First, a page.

Frases de Francesco Petrarca

Francesco Petrarca Foto
10  16

Francesco Petrarca

Fecha de nacimiento: 20. Julio 1304
Fecha de muerte: 18. Julio 1374

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Francesco Petrarca fue un lírico y humanista italiano, cuya poesía dio lugar a una corriente literaria que influyó en autores como Garcilaso de la Vega , William Shakespeare y Edmund Spenser , bajo el sobrenombre genérico de Petrarquismo. Tan influyente como las nuevas formas y temas que trajo a la poesía, fue su concepción humanista, con la que intentó armonizar el legado grecolatino con las ideas del Cristianismo. Por otro lado, Petrarca predicó la unión de toda Italia para recuperar la grandeza que había tenido en la época del Imperio romano.

Frases Francesco Petrarca

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„No one, it seems to me, can hope to equal Augustine. Who, nowadays, could hope to equal one who, in my judgment, was the greatest in an age fertile in great minds?“

— Francesco Petrarca
Context: You, my friend, by a strange confusion of arguments, try to dissuade me from continuing my chosen work by urging, on the one hand, the hopelessness of bringing my task to completion, and by dwelling, on the other, upon the glory which I have already acquired. Then, after asserting that I have filled the world with my writings, you ask me if I expect to equal the number of volumes written by Origen or Augustine. No one, it seems to me, can hope to equal Augustine. Who, nowadays, could hope to equal one who, in my judgment, was the greatest in an age fertile in great minds? As for Origen, you know that I am wont to value quality rather than quantity, and I should prefer to have produced a very few irreproachable works rather than numberless volumes such as those of Origen, which are filled with grave and intolerable errors. Letter to Giovanni Boccaccio (28 April 1373) as quoted in Petrarch : The First Modern Scholar and Man of Letters (1898) edited by James Harvey Robinson and Henry Winchester Rolfe, p. 418

„I rejoiced in my progress, mourned my weaknesses, and commiserated the universal instability of human conduct.“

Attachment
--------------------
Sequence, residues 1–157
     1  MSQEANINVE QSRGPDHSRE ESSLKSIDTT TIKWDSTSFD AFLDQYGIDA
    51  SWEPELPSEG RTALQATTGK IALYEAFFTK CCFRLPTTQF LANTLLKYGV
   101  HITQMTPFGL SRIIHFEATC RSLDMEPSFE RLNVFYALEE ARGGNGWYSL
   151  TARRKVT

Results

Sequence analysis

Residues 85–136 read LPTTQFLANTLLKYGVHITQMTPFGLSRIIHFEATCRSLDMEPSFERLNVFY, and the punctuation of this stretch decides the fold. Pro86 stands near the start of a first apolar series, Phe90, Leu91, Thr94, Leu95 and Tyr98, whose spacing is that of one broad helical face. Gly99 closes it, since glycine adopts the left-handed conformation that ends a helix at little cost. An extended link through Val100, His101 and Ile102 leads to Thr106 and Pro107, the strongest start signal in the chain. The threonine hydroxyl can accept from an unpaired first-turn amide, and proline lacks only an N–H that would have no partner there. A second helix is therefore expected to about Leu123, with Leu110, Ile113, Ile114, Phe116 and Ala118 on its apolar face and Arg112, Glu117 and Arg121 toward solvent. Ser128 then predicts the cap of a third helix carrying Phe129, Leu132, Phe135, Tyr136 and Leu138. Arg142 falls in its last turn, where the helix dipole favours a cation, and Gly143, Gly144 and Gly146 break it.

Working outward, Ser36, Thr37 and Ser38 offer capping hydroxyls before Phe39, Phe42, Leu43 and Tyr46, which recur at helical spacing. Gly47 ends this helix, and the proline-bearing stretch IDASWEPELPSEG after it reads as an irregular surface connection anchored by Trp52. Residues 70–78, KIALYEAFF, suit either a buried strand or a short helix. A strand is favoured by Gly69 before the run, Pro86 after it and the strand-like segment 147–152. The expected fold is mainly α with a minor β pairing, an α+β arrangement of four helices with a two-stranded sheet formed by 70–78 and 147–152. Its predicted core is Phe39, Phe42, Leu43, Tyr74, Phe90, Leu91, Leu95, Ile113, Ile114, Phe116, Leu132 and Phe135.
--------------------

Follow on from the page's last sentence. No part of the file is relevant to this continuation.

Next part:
— Francesco Petrarca
Context: I rejoiced in my progress, mourned my weaknesses, and commiserated the universal instability of human conduct. I had well-nigh forgotten where I was and our object in coming; but at last I dismissed my anxieties, which were better suited to other surroundings, and resolved to look about me and see what we had come to see. The sinking sun and the lengthening shadows of the mountain were already warning us that the time was near at hand when we must go. As if suddenly wakened from sleep, I turned about and gazed toward the west. I was unable to discern the summits of the Pyrenees, which form the barrier between France and Spain; not because of any intervening obstacle that I know of but owing simply to the insufficiency of our mortal vision. Letter to Dionigi di Borgo San Sepolcro (26 April 1336), as translated by James Harvey Robinson (1898)

„Continued work and application form my soul's nourishment. So soon as I commenced to rest and relax I should cease to live.“

— Francesco Petrarca
Context: Continued work and application form my soul's nourishment. So soon as I commenced to rest and relax I should cease to live. I know my own powers. I am not fitted for other kinds of work, but my reading and writing, which you would have me discontinue, are easy tasks, nay, they are a delightful rest, and relieve the burden of heavier anxieties. There is no lighter burden, nor more agreeable, than a pen. Other pleasures fail us or wound us while they charm, but the pen we take up rejoicing and lay down with satisfaction, for it has the power to advantage not only its lord and master, but many others as well, even though they be far away — sometimes, indeed, though they be not born for thousands of years to come. I believe I speak but the strict truth when I claim that as there is none among earthly delights more noble than literature, so there is none so lasting, none gentler, or more faithful; there is none which accompanies its possessor through the vicissitudes of life at so small a cost of effort or anxiety. Letter to Giovanni Boccaccio (28 April 1373) as quoted in Petrarch : The First Modern Scholar and Man of Letters (1898) edited by James Harvey Robinson and Henry Winchester Rolfe, p. 426

„To-day I made the ascent of the highest mountain in this region, which is not improperly called Ventosum. My only motive was the wish to see what so great an elevation had to offer.“

— Francesco Petrarca
Context: To-day I made the ascent of the highest mountain in this region, which is not improperly called Ventosum. My only motive was the wish to see what so great an elevation had to offer. I have had the expedition in mind for many years; for, as you know, I have lived in this region from infancy, having been cast here by that fate which determines the affairs of men. Consequently the mountain, which is visible from a great distance, was ever before my eyes, and I conceived the plan of some time doing what I have at last accomplished to-day. Letter to Dionigi di Borgo San Sepolcro (26 April 1336), [http://petrarch.petersadlon.com/read_letters.html?s=pet17.html "The Ascent of Mount Ventoux" in Familiar Letters] as translated by James Harvey Robinson (1898); the name Mount Ventosum relates to it being a windy mountain.

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